And for the record, incase anyone want’s to think anything about my performance or sterotype me. I haven’t gone to a party since freshers, study everyday I’m not working, already have a few companies who’ve scouted me out and want me when I’m finished (only 4 people in my year can say that), got a first in 4 of my exams, and am currently sitting at a high 2:1 due to doing the bare minimum for a lot of irrelevant work that you could tell was used as filler.

  2. Bob says:

    Engineering (and most other STEM disciplines) is a series of fields that are defined by their quantitative solutions more so than the typical qualitative based fields. This is, I believe, the catch-22 of why students are both interested in the sciences and put off by it. STEM fields have, more or less, definitive solutions (I am biased as a mechanical engineer and realize that sceintific theories are not always so definitively contained). Therefore, it gives some a sense of accomplishment that a singular answer can be found, but it also pushes away those that feel it is too limited and can stifle the fun and creativity portion of the job.

    I do believe in one old school portion of this: STEM disciplines require a “weeding” cycle as, from the previous respondant’s concerns show, we need folks to make good bridges the first time around. Sometimes there is no room for error in these fields. We, as STEM leaders and veterens, have to stand up to the lax attitudes and “entitlement” phenomena that are becoming more prevelant in today’s youth. Quite frankly, in the real world, if you can’t work some long hours to get the job done right when push comes to shove…..tough crap. We should feel no guilt in assuring that the meek and talentless aren’t responsible for life critical decisions. Do you want to fly on an airplane with a wing designed by some kid who whined about having too many solid mechanics homework problems because it cut into his personal space time? Yeah, me neither.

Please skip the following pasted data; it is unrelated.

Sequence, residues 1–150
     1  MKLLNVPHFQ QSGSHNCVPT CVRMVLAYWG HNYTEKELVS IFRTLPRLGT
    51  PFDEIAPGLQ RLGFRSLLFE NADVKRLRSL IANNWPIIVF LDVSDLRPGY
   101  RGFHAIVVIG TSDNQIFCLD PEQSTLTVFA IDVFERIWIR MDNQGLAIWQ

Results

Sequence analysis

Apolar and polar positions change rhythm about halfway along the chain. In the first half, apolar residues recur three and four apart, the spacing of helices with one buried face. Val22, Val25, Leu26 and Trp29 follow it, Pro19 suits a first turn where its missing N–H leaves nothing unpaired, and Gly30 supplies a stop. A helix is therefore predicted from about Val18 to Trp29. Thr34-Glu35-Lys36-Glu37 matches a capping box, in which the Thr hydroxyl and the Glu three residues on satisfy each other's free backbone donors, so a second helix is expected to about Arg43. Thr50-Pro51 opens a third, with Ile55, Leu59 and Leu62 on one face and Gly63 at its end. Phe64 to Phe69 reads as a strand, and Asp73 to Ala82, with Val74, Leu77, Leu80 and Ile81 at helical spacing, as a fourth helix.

That being said, the author highlights that the PROCESS of how we maintain the interest needs a jumpstart. A first step for those of us out here are to get involved earlier: volunteer at local schools to teach kids about not just what science is, but what it does for us. The FIRST program for robotics is another wonderful place to start, allowing kids to see science in a hands on environment. As a personal opinion, some of the most affected entities can be the most influential: I’m talking about YOU, Mr. Major Corporations out there. Although some companies do a fine job investing in some institutions, it would likely be helpful to see more influence in areas where it counts.